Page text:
Like its neighbors, Qatari labor law maintains a crucial fault with regard to its domestic worker population (including housemaids, drivers, cooks and gardeners) who are not offered any legal protection under the current labor law or benefits that are awarded to private sector employees. Salaries, days-off and contracts are the responsibility of the sponsor and offer considerable room for ambiguity and abuse to exploitative employers. However, in response to growing criticisms from the international communities towards Qatar and other members of the Gulf Cooperation Council (GCC), new interest has developed in drafting a formal labor law that will better regulate Qatar domestic worker population.
Featured on the front page of one of the country's principle English-speaking newspapers, The Peninsula, an article described the development of a new domestic labor law being drafted by a special panel tasked with finalizing the regulation of rights and duties of domestic workers. The panel will incorporate representatives from several government agencies and will review with other GCC countries. The draft law may finally provide privileges to domestic employees, like end-of-service benefits, annual leave, and free medical care. These and other formal arrangements would have to be included in contracts between sponsors and their employees and would require endorsement by the Labor Department to be considered legally valid. The law might also regulate the functioning of manpower agencies and their role in hiring domestic workers in the country, The Peninsula reported.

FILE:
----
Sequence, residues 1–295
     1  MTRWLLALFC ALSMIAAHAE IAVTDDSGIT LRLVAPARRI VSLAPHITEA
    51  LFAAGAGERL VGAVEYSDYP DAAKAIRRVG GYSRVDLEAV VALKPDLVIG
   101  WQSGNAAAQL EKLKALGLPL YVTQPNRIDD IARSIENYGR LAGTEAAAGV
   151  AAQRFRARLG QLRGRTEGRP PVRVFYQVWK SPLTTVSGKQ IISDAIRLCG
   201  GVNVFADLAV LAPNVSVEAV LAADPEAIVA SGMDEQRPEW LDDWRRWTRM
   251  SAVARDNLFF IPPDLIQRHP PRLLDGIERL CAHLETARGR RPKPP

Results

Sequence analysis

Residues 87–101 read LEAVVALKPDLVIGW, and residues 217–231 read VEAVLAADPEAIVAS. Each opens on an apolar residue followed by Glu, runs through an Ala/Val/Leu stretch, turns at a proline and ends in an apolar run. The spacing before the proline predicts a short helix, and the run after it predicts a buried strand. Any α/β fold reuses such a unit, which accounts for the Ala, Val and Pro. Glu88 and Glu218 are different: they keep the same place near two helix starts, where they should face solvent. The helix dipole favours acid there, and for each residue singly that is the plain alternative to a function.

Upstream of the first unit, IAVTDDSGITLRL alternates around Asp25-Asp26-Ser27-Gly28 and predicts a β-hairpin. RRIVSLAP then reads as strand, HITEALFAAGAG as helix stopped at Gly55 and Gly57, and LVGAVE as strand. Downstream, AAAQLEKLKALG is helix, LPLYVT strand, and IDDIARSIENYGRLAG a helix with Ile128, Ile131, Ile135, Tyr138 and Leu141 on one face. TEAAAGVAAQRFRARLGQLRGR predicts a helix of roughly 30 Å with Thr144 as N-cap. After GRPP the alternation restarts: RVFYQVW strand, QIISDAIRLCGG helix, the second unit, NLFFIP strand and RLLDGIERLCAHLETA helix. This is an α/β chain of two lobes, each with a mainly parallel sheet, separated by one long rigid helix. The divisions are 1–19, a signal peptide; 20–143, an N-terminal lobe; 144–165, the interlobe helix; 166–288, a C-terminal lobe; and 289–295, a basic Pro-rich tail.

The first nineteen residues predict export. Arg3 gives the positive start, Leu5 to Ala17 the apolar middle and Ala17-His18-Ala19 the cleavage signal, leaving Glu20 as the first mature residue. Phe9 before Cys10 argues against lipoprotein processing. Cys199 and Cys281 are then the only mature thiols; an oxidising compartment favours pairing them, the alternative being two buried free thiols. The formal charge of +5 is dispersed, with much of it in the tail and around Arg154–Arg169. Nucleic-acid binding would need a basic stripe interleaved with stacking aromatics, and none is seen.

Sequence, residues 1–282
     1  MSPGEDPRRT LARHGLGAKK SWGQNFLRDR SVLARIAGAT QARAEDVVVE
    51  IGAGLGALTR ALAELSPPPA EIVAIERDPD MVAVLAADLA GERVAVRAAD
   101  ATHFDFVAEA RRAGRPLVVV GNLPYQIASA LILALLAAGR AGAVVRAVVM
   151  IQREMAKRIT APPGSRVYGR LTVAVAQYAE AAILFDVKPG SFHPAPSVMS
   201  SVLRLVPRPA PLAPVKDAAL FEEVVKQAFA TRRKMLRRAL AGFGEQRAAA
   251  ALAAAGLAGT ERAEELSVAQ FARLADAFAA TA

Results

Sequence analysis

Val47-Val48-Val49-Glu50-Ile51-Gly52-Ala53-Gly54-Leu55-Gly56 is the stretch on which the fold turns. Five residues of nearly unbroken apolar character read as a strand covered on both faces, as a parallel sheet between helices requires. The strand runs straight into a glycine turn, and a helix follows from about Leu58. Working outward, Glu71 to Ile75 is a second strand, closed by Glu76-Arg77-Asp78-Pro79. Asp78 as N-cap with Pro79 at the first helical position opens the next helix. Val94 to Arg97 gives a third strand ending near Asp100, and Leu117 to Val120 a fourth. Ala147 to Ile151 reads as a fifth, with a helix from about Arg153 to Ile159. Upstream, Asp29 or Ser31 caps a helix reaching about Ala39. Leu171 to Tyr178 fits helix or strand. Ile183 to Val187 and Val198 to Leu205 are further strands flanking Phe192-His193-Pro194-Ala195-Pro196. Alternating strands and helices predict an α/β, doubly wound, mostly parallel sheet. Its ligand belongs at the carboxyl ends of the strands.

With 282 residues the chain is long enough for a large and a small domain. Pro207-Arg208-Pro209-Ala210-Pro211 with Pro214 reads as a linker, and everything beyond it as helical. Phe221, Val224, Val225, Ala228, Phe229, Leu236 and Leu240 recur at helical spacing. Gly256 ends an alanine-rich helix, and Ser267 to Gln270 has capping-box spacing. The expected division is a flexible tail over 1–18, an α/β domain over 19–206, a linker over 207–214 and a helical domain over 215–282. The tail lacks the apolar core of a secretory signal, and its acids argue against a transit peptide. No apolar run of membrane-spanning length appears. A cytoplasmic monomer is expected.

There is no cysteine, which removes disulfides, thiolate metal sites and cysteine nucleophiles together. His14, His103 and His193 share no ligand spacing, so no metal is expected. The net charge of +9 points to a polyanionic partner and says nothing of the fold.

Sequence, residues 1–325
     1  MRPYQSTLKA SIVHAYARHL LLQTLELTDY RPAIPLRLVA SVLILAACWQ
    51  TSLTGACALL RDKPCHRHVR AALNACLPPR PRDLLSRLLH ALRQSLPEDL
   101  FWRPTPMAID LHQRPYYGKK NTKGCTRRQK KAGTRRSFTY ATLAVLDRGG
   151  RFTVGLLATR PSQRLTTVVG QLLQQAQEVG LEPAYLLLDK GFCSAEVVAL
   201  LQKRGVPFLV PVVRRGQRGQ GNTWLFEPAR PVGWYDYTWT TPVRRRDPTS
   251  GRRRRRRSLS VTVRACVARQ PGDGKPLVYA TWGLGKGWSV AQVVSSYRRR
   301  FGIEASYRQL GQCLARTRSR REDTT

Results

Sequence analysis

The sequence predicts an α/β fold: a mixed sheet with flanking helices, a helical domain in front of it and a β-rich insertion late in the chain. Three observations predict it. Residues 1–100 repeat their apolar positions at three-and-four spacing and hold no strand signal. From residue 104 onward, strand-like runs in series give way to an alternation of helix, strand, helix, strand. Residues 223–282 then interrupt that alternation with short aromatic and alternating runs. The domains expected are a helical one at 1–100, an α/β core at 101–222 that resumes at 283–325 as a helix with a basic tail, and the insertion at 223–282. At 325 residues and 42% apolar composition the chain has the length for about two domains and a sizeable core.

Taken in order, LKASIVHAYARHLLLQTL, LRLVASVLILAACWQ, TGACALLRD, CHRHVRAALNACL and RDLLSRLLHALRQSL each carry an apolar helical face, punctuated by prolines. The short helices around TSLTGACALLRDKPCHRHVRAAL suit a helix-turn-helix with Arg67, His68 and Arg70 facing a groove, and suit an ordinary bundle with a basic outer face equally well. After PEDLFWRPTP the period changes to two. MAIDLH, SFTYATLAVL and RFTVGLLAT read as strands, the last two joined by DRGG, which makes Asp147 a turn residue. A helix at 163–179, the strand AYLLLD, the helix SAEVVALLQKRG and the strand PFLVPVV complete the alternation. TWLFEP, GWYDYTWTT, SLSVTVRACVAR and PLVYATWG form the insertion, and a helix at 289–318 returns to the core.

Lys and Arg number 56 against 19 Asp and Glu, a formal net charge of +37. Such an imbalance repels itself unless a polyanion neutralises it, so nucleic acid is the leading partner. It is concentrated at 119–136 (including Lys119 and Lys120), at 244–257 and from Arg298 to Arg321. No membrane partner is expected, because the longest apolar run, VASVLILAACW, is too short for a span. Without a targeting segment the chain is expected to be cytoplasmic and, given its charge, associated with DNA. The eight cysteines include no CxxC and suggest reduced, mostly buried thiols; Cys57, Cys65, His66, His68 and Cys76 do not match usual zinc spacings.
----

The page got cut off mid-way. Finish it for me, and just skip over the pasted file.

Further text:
And finally, the sponsorship system. Found in all countries except for Bahrain officially, but actually found in all countries of the Gulf unofficially, Qatar's sponsorship system seems to be the most archaic and limited with regard to a worker's access to mobility. As is required in Kuwait, Oman, the UAE, and Saudi Arabia, a sponsor must provide consent for his employer to change to a different sponsor. In Qatar, the process is further complicated with the addition of a second party that must approve a change of employment as well-the Ministry of Interior. Qatar, like Bahrain, Oman and Kuwait has embraced a new economic development model that "ization-izes" the national population and encourages locals to enter the job market. Limiting positions for expatriates is an effective way to open up the job market to locals but discourages the professional development of expatriates.
Qatar presents an intriguing case study for human trafficking and migrant worker issues in the Arabian Gulf. I intend to keep my attention partially focused on the peninsula as it embarks on a proactive course of action to improve its labor laws and the lives of its expatriate workforce. I am sure there will be some follow-up.